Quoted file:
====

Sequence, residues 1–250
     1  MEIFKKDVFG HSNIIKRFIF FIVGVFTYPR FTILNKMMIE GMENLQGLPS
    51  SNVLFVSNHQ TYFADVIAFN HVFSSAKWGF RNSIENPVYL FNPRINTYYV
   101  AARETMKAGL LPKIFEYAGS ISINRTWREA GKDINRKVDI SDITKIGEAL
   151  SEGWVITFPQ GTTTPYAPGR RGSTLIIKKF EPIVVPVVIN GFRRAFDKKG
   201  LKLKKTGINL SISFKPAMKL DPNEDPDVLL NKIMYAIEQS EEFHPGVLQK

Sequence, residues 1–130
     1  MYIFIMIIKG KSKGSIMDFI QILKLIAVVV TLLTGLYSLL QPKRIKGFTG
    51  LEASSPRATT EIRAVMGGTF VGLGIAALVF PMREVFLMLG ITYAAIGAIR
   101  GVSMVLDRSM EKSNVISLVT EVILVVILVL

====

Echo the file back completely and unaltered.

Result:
Sequence, residues 1–250
     1  MEIFKKDVFG HSNIIKRFIF FIVGVFTYPR FTILNKMMIE GMENLQGLPS
    51  SNVLFVSNHQ TYFADVIAFN HVFSSAKWGF RNSIENPVYL FNPRINTYYV
   101  AARETMKAGL LPKIFEYAGS ISINRTWREA GKDINRKVDI SDITKIGEAL
   151  SEGWVITFPQ GTTTPYAPGR RGSTLIIKKF EPIVVPVVIN GFRRAFDKKG
   201  LKLKKTGINL SISFKPAMKL DPNEDPDVLL NKIMYAIEQS EEFHPGVLQK

Sequence, residues 1–130
     1  MYIFIMIIKG KSKGSIMDFI QILKLIAVVV TLLTGLYSLL QPKRIKGFTG
    51  LEASSPRATT EIRAVMGGTF VGLGIAALVF PMREVFLMLG ITYAAIGAIR
   101  GVSMVLDRSM EKSNVISLVT EVILVVILVL